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A 2017 Guide To Travel Trends, In Case You Need A Holiday Already

AILSA CHANG, HOST:

If you've just returned home from holiday travel, isn't it about time to start planning your next vacation? Will 2017 be the year of cheap flights or the perfect driving vacation? To answer these questions and tell us how to take advantage of the travel trends of 2017, we're joined by Pauline Frommer, editorial director at frommers.com. Hey, Pauline.

PAULINE FROMMER: Hey. Nice to be here. Thank you so much.

CHANG: Thanks for being with us. Well, let's start with air travel. Are there any big trends or changes to expect this year? And the crucial question - are airfares going to go up or down?

FROMMER: Well, that depends on how you define an airfare. A lot of the airlines right now are spending millions of dollars to change their back-end systems so that they can better give you a menu of options when you book travel 'cause they want to be able to charge you for every little thing.

CHANG: Yeah.

FROMMER: So whereas airfares, especially international ones, are definitely going down, air add-ons are going up. For example, United and Delta now have something called basic economy fares. These are fares where, on United, you will be charged extra if you try to put anything in the overhead compartment.

CHANG: Really?

FROMMER: Yes. These are ugly, ugly fares. You don't ever get to choose a seat. So you're pretty much going to get the middle seat. If you have to change your date, you don't get to pay extra. You just lose the entire cost of the ticket. So these are basic economy fares. And, sadly, they only cost about $25 less on average than regular fares. And that's how much it costs for you to check a bag. And most of these fares won't allow you to bring a bag into a cabin. So you can do the math. It's a little tricky what the airlines are pulling on us for 2017.

CHANG: What about where we stay when we're on vacation? How will that change this year? Like, will we see a growth in Airbnb-style-type companies?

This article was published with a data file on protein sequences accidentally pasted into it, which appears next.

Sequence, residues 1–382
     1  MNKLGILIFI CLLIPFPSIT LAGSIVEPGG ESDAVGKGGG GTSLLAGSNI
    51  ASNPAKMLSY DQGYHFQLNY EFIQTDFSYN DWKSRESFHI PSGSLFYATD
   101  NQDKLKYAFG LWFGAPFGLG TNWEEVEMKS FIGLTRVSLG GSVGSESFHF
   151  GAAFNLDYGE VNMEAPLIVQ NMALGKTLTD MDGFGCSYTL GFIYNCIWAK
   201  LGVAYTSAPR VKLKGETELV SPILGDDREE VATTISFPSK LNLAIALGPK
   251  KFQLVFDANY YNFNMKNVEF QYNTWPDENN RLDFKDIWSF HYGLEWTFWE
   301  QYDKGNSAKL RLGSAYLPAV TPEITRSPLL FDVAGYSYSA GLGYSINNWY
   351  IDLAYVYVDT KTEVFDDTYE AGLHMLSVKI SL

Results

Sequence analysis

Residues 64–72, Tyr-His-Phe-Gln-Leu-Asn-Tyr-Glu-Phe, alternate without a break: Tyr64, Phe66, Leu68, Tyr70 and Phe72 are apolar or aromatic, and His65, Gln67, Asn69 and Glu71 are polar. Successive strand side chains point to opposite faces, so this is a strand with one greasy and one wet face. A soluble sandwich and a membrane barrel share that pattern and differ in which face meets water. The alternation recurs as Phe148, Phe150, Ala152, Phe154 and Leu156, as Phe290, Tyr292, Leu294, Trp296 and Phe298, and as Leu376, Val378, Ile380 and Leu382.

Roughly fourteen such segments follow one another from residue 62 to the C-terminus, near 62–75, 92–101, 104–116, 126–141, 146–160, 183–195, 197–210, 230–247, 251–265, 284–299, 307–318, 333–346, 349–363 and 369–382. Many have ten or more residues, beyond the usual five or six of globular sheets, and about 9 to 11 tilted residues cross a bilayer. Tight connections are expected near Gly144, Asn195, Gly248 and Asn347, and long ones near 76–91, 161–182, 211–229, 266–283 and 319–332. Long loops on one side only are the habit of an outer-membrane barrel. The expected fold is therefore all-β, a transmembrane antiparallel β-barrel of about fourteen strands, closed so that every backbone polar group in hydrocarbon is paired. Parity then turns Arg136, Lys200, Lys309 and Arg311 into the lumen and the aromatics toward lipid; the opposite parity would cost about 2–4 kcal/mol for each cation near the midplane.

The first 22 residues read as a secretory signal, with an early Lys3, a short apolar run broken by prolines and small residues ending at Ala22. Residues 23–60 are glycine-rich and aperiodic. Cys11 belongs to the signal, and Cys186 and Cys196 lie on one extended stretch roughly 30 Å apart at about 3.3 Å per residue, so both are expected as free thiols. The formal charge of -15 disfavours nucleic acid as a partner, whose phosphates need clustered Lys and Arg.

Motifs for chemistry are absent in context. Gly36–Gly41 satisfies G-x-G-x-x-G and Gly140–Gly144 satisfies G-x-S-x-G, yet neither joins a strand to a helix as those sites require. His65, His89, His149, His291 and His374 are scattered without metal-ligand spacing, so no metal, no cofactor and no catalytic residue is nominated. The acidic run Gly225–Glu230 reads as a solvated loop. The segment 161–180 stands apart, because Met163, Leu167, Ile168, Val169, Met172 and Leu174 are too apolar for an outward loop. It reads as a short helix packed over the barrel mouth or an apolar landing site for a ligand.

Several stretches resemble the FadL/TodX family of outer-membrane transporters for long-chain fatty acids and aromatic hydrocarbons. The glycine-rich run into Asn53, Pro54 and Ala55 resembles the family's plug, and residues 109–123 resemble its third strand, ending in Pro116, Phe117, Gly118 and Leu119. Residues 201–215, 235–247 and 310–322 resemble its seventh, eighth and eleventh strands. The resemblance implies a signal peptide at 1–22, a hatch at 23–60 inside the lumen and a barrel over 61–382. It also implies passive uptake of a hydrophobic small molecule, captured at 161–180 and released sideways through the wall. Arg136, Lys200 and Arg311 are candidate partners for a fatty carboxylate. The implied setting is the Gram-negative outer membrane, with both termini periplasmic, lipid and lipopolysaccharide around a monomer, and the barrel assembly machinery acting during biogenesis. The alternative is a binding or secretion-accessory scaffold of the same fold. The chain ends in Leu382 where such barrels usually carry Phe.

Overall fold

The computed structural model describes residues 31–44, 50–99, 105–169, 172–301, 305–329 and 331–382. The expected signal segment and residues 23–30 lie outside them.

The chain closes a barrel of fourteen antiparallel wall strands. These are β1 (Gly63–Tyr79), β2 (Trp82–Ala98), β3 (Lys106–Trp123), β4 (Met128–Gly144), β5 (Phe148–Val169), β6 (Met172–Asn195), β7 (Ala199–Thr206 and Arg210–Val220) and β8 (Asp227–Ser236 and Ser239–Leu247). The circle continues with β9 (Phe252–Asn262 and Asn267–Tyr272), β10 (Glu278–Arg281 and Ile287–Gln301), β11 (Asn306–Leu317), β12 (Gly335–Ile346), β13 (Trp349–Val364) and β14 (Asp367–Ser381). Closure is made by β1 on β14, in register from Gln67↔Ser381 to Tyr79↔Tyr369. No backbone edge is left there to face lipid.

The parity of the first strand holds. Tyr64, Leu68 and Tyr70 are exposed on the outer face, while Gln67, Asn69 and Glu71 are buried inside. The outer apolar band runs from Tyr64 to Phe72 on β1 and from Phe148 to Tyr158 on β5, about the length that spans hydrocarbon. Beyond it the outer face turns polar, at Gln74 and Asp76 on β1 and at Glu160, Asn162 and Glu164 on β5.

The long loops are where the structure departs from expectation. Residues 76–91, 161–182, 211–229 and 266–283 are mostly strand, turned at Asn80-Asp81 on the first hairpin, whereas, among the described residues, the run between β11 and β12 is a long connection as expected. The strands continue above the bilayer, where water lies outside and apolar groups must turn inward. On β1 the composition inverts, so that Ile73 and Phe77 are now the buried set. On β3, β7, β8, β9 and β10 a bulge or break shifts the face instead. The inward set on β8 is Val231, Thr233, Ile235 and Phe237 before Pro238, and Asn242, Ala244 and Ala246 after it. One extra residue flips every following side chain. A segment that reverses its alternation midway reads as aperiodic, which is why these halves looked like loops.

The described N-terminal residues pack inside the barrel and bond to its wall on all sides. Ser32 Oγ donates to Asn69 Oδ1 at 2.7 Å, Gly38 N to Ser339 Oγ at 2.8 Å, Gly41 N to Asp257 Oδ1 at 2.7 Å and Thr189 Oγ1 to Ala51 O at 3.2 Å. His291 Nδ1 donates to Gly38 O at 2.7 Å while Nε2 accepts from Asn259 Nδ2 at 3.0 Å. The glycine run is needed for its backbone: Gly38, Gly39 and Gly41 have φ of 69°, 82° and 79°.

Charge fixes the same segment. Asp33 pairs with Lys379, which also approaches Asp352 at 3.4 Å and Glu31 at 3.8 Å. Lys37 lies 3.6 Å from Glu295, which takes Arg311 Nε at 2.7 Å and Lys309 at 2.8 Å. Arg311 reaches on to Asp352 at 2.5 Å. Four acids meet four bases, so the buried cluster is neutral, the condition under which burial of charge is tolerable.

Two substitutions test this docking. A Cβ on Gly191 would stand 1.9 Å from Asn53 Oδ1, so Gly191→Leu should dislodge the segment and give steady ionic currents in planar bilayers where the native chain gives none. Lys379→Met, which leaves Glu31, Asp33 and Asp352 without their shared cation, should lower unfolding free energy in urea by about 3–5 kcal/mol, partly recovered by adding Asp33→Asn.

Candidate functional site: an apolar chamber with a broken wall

FROMMER: We are seeing an explosion in nontraditional lodgings like Airbnb. Airbnb has more beds than all of the major hotel chains combined. What's changing is the hosts used to be a retiree or a teacher or somebody who needed to make extra money. And it was a side business. Now 40 percent of the hosts do this for a living.

CHANG: Wow.

FROMMER: So Airbnb is getting a lot less quirky.

CHANG: Are hotels getting into apartment rentals to compete with Airbnb?

FROMMER: They are. And I think this is going to be the big change that we see in 2017, 2018. A company called Room Mate - they're are hotel company. And they have started a company called Be Mate, where you stay in an apartment near the hotel. And you get all the services that the hotel offers.

You get to use the pool and the fitness room. You get daily maid service. But you don't have to stay in the hotel. You stay in an apartment. You have your own kitchen. You have much more space. But you have all of the efficiencies - you can pick up your key any time - of staying at a hotel.

CHANG: And for those of us who are fantasizing about where our next trip is going to be, like me, where are the best destinations for the budget traveler in 2017?

FROMMER: Well, the dollar is whooping...

CHANG: (Laughter).

FROMMER: ...Pretty much every other world currency. So if you've ever wanted to go to Europe, now's the time to go. We note that travel to Paris is down 30 percent.

CHANG: Wow.

FROMMER: It's just a golden time to go to France or to most anywhere else in Europe that's on the euro - but the same for Canada. And this year is Canada's 150th anniversary. So there's going to be all kinds of special events. Montreal is going crazy because it's also their 375th anniversary. And they're the home of Cirque du Soleil. So they are going to have the wackiest, most creative festivals.

CHANG: (Laughter).

FROMMER: And all of the national parks in Canada are free in 2017.

CHANG: Pauline Frommer of frommers.com and Frommer's Guidebooks, thank you so much for being with us. And Happy New Year.

FROMMER: Happy New Year. Transcript provided by NPR, Copyright NPR.